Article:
So in looking at the three who filed full reports, we find that Mautz raised by far the most in 2013.

Cash raised:

  1. Johnny Mautz, Jr. – $56,186
  2. Addie Eckardt – $7,225
  3. Christopher Adams – $6,165

As it turned out, Mautz raised every dime from individual contributions, while Eckardt raised 84.26% that way and Adams just 23.56%. The remainder of Eckardt’s money came from Maryland PACs ($1,350 or 15.74%) while Adams loaned his campaign $20,000 to make up 76.44% of his receipts.

But there’s a world of difference in the contributions each received. Mautz’s 143 individual contributions resulted in a whopping average of $392.91 per donation. Conversely, Adams received 40 contributions for an average of $154.13 apiece, and Eckardt picked up 74 contributions at an average $97.64 per.

And while none had significant contibutions from LLCs (Adams had 4.06% and Eckardt 1.38%), law firms (none reported), or unions (Eckardt received the only union contribution of $250, or 3.46% of her total), there was quite a difference in business support:

  1. Addie Eckardt – 19.79%
  2. Christopher Adams – 8.52%
  3. Johnny Mautz, Jr. – 0%

Yet the one which made my jaw drop was out-of-district contributions:

  1. Johnny Mautz, Jr. – 68.65%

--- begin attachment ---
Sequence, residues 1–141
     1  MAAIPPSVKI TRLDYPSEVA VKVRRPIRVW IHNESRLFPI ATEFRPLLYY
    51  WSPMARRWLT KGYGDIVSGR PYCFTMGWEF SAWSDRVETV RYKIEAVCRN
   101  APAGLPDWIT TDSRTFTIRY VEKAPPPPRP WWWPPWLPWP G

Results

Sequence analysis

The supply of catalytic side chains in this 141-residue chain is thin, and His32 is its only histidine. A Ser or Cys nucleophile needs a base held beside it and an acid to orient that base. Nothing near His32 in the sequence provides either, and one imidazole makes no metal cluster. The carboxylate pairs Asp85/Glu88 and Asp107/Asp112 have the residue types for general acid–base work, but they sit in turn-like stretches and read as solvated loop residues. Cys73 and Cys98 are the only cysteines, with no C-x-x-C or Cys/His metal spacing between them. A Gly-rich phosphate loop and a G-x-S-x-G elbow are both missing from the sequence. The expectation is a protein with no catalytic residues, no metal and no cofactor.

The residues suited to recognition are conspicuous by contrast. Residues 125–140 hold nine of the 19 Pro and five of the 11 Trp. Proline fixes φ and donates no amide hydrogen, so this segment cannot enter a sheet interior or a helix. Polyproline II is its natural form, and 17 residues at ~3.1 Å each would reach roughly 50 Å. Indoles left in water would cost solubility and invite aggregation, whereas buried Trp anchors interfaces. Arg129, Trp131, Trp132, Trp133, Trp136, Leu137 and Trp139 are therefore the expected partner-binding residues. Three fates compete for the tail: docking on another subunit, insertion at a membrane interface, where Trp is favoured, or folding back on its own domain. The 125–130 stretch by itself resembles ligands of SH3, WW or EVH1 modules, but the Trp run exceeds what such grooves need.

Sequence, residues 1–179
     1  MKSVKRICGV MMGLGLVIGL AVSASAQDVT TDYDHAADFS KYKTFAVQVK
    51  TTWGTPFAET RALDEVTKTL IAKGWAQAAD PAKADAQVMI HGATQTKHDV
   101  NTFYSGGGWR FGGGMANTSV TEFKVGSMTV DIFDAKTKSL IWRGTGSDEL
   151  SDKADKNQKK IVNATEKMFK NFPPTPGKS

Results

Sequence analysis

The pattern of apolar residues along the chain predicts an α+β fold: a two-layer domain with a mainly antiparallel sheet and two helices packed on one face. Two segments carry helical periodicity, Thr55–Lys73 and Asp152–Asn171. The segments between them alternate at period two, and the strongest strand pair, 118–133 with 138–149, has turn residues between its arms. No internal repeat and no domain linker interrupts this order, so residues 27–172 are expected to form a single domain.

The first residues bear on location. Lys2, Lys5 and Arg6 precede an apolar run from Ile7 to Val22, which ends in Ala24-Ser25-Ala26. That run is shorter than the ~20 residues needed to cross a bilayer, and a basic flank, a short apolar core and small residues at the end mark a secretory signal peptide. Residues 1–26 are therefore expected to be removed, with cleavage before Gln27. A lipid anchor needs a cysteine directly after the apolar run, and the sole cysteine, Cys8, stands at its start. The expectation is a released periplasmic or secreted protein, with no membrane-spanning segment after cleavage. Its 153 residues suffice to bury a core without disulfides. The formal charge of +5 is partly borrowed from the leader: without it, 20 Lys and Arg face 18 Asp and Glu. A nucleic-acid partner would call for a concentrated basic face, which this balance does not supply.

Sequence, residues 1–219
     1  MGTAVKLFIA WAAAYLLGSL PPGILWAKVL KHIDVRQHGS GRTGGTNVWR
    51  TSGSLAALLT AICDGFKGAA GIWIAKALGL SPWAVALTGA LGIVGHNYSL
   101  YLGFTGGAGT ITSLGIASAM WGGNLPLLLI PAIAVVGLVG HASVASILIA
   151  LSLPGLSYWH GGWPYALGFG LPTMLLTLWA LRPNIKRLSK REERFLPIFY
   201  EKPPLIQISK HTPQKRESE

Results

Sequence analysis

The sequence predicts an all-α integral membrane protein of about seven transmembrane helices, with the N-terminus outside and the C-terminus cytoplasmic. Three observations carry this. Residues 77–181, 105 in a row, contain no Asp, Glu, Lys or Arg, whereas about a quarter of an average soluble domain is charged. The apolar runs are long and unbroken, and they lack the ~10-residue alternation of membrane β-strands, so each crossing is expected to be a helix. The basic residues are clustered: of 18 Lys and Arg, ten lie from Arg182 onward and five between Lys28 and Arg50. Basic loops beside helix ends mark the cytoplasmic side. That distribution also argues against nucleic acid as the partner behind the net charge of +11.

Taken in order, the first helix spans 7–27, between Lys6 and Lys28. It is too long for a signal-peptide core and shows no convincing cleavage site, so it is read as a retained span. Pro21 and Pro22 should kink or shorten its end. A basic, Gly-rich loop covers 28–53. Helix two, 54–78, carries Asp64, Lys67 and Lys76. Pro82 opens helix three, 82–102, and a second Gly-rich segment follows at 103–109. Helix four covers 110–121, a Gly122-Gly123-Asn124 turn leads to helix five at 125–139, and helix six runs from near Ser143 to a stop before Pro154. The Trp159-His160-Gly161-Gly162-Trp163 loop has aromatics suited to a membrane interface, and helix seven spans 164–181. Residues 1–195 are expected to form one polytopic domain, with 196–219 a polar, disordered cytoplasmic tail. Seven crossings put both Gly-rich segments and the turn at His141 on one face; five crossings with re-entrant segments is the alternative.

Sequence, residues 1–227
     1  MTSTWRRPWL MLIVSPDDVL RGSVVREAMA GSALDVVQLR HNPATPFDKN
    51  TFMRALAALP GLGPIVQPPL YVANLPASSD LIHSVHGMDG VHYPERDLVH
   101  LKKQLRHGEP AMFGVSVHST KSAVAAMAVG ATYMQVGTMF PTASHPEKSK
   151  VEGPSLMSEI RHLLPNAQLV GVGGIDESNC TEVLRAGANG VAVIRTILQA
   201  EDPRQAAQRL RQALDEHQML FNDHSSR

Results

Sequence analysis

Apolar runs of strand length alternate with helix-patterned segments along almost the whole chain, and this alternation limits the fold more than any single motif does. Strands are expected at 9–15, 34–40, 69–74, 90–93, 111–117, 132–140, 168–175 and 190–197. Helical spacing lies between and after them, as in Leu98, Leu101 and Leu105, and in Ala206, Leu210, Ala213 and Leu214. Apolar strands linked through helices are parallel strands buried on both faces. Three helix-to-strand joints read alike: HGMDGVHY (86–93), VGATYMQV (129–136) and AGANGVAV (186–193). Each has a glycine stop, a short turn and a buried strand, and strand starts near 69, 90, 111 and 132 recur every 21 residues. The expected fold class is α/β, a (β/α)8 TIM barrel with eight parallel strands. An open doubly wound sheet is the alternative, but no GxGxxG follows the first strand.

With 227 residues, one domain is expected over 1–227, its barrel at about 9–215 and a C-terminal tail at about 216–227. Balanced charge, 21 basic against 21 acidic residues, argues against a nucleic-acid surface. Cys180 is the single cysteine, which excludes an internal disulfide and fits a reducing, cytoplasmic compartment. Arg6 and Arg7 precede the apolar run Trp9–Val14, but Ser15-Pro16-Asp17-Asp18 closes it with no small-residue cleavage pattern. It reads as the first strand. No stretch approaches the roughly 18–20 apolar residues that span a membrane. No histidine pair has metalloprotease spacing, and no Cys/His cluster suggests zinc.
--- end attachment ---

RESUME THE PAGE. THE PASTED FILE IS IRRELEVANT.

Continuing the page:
2. Christopher Adams – 15.57%
  3. Addie Eckardt – 13.84%

There’s no other way to say it: Johnny Mautz, Jr. had a lot of large checks dropped into his campaign from a number of inside-the-Beltway friends and acquaintances he’s gathered in several years of working in Washington, D.C. Obviously this will bear watching in future reports to see how much local funding begins to come in, but it’s obvious his end-of-year push came from outside the district. The initial money for Mautz’s campaign came mostly from locals, but those tended to be smaller amounts.

It’s obvious the big money in District 37 is going to be put into the open seat race for District 37B, although the rumored emergence of a big-name Democratic contender for Colburn’s Senate seat may bring some more money to that contest, and may cause some dominoes to be knocked over on the GOP side.

Tomorrow I’ll look at the races on the District 38 side.

Update: In looking up items for the sidebar widgets I’m going to feature for easy campaign website access, I came across a note on Cheryl Everman’s campaign Facebook page from January 12 stating she would withdraw from the District 37 Senate race for health reasons; however, she has not finalized that paperwork.

Being the press

August 30, 2010 · Posted in All politics is local, Campaign 2010, Delmarva items, Maryland Politics, Personal stuff, Politics · Comments Off on Being the press